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Is the crow population growing, and how do we control it?

M.A.:

Greetings from Poway, the land of many crows. Speaking of crows, it seems that over the past few years, the crow population in the county has grown dramatically. (Or maybe they are ravens.) Anyway, what would account for this, and could this become a problem? And if it is a problem, how would we correct it? I don't like crows and would be happy to start shooting them, if that would help.

-- LB of Poway

The land of many crows, eh. Land of pushy drivers, more like it. But your perception is correct. The crows are coming, the crows are coming! The coast used to be exclusively ravenland, but crows are Bogarting their way in from San Diego's mountains and have been for the last several years. The boundaries of bird populations aren't fixed; as long as there is enough nesting habitat, food, and shelter from predators, a booming species will continue to spread. (The house sparrow scourge began 150 years ago with a few imported birds in New York. Now they're thriving throughout most of North America.) Crows are tough suckers and will eat just about anything, making adaptation simple. If the Least Bell's vireo or California gnatcatcher could eat discarded tacos, they probably wouldn't be endangered either. Oddly enough, tall trees in the expanding suburban landscape may provide more crow nesting sites than in the past. As for shooting crows -- they'll fly along with the paddy wagon, laughing their heads off, as the cops haul you away for violating various migratory bird protection laws. That's federal time. Learn to love 'em.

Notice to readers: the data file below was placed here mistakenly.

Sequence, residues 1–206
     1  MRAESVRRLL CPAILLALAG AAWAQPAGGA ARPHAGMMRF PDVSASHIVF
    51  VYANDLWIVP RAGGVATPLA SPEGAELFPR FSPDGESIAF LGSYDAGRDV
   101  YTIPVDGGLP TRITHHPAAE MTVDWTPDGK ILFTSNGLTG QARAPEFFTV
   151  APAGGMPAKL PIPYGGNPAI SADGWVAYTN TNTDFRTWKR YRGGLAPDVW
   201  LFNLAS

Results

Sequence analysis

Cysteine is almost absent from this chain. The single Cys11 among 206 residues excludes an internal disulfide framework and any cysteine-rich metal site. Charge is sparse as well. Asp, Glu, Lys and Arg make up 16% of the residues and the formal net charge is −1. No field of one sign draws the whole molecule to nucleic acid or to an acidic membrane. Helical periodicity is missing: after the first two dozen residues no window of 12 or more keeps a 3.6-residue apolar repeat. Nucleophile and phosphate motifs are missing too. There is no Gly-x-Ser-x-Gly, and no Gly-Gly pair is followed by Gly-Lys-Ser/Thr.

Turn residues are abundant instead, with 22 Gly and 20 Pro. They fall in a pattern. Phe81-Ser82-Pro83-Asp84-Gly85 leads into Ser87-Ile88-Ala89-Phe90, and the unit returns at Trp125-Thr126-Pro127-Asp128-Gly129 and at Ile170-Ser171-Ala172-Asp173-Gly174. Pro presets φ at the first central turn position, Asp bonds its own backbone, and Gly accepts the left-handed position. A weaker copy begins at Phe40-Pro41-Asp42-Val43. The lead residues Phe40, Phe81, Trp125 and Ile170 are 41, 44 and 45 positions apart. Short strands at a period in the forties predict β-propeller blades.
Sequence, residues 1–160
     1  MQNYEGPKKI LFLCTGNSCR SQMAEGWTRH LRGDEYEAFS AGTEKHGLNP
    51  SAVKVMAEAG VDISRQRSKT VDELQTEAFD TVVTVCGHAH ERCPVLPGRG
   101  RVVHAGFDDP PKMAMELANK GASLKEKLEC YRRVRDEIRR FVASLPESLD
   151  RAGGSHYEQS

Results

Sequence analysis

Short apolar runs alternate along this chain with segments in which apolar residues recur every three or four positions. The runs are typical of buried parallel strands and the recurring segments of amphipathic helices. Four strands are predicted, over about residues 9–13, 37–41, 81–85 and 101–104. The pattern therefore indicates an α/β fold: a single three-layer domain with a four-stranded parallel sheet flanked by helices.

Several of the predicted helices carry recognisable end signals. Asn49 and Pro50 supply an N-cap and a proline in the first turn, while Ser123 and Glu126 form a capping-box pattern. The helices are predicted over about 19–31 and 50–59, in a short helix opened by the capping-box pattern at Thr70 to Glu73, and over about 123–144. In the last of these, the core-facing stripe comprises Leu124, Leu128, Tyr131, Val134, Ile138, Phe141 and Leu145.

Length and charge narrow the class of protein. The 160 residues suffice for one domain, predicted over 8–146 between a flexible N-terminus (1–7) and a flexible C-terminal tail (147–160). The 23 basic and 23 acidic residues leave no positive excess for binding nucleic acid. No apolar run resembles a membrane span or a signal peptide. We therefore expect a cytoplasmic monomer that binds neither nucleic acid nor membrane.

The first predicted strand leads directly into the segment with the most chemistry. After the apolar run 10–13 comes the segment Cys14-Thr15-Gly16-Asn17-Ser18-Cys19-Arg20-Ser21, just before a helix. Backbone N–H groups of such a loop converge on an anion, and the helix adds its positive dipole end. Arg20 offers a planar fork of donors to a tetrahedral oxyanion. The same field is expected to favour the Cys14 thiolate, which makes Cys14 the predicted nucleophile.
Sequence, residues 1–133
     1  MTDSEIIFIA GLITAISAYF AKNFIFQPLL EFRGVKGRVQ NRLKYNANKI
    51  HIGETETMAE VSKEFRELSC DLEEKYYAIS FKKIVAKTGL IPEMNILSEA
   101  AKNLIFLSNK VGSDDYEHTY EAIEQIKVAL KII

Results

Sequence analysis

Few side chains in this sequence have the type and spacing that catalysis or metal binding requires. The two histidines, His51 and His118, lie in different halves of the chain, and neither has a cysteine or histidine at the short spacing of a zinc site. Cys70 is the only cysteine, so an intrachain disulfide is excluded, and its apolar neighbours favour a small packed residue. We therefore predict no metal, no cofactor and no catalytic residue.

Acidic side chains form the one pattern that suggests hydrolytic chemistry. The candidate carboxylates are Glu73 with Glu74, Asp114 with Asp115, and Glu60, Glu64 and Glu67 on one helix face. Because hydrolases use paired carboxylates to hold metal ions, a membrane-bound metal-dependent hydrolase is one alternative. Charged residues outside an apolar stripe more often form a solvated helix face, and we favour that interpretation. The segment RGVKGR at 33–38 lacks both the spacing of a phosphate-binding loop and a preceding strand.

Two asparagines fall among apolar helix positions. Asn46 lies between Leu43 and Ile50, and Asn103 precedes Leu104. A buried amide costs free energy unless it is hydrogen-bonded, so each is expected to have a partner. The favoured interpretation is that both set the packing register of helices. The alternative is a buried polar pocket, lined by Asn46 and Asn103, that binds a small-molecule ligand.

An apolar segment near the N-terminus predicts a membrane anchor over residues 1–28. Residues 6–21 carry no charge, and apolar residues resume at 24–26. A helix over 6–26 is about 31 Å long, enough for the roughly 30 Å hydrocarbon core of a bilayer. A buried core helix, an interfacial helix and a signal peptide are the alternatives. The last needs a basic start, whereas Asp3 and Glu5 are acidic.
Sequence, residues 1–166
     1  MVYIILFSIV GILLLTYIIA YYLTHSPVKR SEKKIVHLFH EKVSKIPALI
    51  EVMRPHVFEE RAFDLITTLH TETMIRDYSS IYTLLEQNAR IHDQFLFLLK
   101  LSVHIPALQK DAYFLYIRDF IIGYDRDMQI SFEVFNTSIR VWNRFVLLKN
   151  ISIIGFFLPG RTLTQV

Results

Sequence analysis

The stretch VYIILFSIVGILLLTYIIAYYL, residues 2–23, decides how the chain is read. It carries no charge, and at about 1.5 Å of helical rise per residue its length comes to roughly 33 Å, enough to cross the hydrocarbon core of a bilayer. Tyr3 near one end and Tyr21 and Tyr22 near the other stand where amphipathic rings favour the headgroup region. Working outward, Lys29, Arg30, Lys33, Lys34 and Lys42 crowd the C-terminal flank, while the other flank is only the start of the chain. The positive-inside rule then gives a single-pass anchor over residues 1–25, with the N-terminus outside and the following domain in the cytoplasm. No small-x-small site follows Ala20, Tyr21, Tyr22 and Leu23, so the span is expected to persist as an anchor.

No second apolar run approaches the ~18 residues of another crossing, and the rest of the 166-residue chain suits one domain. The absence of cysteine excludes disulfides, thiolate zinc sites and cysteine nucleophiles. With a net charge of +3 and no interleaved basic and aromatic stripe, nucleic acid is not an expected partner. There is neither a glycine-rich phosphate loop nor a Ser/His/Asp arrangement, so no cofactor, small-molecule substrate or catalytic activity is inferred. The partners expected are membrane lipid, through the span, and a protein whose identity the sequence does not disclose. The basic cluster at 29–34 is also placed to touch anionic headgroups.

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M.A.:

Greetings from Poway, the land of many crows. Speaking of crows, it seems that over the past few years, the crow population in the county has grown dramatically. (Or maybe they are ravens.) Anyway, what would account for this, and could this become a problem? And if it is a problem, how would we correct it? I don't like crows and would be happy to start shooting them, if that would help.

-- LB of Poway

The land of many crows, eh. Land of pushy drivers, more like it. But your perception is correct. The crows are coming, the crows are coming! The coast used to be exclusively ravenland, but crows are Bogarting their way in from San Diego's mountains and have been for the last several years. The boundaries of bird populations aren't fixed; as long as there is enough nesting habitat, food, and shelter from predators, a booming species will continue to spread. (The house sparrow scourge began 150 years ago with a few imported birds in New York. Now they're thriving throughout most of North America.) Crows are tough suckers and will eat just about anything, making adaptation simple. If the Least Bell's vireo or California gnatcatcher could eat discarded tacos, they probably wouldn't be endangered either. Oddly enough, tall trees in the expanding suburban landscape may provide more crow nesting sites than in the past. As for shooting crows -- they'll fly along with the paddy wagon, laughing their heads off, as the cops haul you away for violating various migratory bird protection laws. That's federal time. Learn to love 'em.

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